Hitting the Web: Videos of Car Deaths

Fellow blogger jgoods has provided some great coverage of the Cash for Clunkers program… from the on-again off-again drama at the end of last week to keeping us up to date on the program’s ever-changing rules in the days before it was implemented.

Well, it appears that folks are jumping all over the opportunity to get a $4,500 credit on a new car, and are happily bringing their “clunkers” into dealers to be destroyed. The thing is, many of these so-called clunkers aren’t clunkers at all. Thanks to the rules that state the clunker must not be any older than a 1984 model, most of these vehicles are perfectly road-worthy.

Now videos are hitting YouTube of perfectly fine cars meeting untimely deaths. It honestly makes me a little sad to see these engines seize up after a fatal dose of a silicone silicate solution. It’s like mass lethal injections, all caught on tape.

For those who want to watch, check out these videos. First is a Volvo that simply refuses to die… chugging, straining, wheezing, and steaming through each painful revolution before finally taking its last gasp of air and dying. It was a nice car, and obviously would have provided many more years of faithful service.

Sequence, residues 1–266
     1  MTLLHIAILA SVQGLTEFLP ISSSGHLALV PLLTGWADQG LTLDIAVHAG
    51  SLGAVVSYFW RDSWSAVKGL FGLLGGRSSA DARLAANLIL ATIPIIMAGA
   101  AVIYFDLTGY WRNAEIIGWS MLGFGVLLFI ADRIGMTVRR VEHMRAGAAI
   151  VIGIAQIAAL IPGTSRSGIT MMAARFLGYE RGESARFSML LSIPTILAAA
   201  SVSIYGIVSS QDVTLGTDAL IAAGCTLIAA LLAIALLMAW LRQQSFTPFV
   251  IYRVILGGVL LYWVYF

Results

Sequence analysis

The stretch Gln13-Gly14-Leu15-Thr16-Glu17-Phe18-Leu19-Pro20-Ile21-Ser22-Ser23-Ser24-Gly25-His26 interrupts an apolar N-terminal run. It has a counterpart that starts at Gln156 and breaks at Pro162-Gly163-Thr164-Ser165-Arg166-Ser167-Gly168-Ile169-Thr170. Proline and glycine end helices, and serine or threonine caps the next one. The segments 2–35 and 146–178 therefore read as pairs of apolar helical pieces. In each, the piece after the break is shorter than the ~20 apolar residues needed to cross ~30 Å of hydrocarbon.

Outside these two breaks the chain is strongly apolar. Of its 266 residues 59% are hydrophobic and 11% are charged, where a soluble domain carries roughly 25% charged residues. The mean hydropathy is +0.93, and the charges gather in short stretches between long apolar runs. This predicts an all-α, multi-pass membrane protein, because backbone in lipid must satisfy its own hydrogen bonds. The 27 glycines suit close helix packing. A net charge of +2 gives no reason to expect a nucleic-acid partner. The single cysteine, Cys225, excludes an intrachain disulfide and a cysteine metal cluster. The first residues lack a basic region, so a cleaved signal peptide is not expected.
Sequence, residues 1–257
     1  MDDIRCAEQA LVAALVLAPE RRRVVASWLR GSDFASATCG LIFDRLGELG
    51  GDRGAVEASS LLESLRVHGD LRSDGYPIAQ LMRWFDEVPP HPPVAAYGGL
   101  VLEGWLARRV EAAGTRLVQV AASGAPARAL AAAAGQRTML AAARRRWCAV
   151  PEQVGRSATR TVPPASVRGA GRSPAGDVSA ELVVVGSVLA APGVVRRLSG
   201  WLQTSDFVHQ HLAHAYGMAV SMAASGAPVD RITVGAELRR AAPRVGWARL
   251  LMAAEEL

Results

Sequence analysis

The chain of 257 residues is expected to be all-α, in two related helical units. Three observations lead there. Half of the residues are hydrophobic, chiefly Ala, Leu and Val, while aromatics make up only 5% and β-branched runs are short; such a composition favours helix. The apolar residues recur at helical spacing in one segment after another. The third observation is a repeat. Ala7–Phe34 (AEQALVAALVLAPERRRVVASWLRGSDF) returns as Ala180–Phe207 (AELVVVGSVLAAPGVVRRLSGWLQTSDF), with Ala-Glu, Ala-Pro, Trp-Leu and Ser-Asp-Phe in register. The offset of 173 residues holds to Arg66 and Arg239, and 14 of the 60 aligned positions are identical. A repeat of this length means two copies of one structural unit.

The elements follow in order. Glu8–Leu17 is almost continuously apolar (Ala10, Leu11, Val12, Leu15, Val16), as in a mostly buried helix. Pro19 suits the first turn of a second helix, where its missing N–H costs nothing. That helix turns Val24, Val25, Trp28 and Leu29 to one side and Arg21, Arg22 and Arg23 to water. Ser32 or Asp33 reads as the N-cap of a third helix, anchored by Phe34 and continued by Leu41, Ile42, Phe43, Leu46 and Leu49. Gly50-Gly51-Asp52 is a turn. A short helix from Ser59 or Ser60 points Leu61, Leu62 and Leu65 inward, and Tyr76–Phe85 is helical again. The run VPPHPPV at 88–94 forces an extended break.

Here we have a Jeep Cherokee meeting the same fate, though with much less protest:

I guess if we learn anything from these videos, we should look at how long it took each car to die. That Volvo pushed on for about 4 minutes, while the Jeep lasted maybe 20 seconds.

Based on these videos, which car’s engine was better built to last, the Volvo’s or the Jeep’s?

-tgriffith

1 Comment

  1. Since the solution attacks the bearings primarily, you can make some basic assumptions: The more cylinders an engine has, the more bearings, and the faster the engine should seize. Also, larger bearings with tighter clearances should also seize faster, such as big V8’s versus lower horsepower 6 and 4 cylinders. Finally, older engines with higher mileage will likely have more bearing wear and bigger clearances, slowing the seizing process. So which engine was “built to last” based on these observations?? The question is one that would be asked by someone who doesn’t know anything about engines.

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